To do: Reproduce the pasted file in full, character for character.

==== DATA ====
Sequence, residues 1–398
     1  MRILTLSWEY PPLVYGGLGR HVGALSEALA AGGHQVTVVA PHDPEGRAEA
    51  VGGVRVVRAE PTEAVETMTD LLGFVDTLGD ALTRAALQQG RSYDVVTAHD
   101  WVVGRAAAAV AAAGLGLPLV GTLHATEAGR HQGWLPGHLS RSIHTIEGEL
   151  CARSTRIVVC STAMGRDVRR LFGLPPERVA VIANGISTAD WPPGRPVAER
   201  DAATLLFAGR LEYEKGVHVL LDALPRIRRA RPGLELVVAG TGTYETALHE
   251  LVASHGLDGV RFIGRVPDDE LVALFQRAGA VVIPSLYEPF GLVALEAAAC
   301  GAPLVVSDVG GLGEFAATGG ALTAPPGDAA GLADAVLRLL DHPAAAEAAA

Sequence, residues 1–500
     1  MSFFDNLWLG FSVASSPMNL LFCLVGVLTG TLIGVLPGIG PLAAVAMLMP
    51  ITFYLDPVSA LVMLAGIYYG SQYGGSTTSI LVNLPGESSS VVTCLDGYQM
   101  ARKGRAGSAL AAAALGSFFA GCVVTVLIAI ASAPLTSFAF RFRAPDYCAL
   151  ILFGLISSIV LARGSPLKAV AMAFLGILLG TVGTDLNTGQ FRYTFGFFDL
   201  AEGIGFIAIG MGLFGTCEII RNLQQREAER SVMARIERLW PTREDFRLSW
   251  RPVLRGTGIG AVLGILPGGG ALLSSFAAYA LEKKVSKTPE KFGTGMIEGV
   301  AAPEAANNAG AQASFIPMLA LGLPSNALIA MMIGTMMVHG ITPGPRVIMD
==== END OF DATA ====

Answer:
Sequence, residues 1–398
     1  MRILTLSWEY PPLVYGGLGR HVGALSEALA AGGHQVTVVA PHDPEGRAEA
    51  VGGVRVVRAE PTEAVETMTD LLGFVDTLGD ALTRAALQQG RSYDVVTAHD
   101  WVVGRAAAAV AAAGLGLPLV GTLHATEAGR HQGWLPGHLS RSIHTIEGEL
   151  CARSTRIVVC STAMGRDVRR LFGLPPERVA VIANGISTAD WPPGRPVAER
   201  DAATLLFAGR LEYEKGVHVL LDALPRIRRA RPGLELVVAG TGTYETALHE
   251  LVASHGLDGV RFIGRVPDDE LVALFQRAGA VVIPSLYEPF GLVALEAAAC
   301  GAPLVVSDVG GLGEFAATGG ALTAPPGDAA GLADAVLRLL DHPAAAEAAA

Sequence, residues 1–500
     1  MSFFDNLWLG FSVASSPMNL LFCLVGVLTG TLIGVLPGIG PLAAVAMLMP
    51  ITFYLDPVSA LVMLAGIYYG SQYGGSTTSI LVNLPGESSS VVTCLDGYQM
   101  ARKGRAGSAL AAAALGSFFA GCVVTVLIAI ASAPLTSFAF RFRAPDYCAL
   151  ILFGLISSIV LARGSPLKAV AMAFLGILLG TVGTDLNTGQ FRYTFGFFDL
   201  AEGIGFIAIG MGLFGTCEII RNLQQREAER SVMARIERLW PTREDFRLSW
   251  RPVLRGTGIG AVLGILPGGG ALLSSFAAYA LEKKVSKTPE KFGTGMIEGV
   301  AAPEAANNAG AQASFIPMLA LGLPSNALIA MMIGTMMVHG ITPGPRVIMD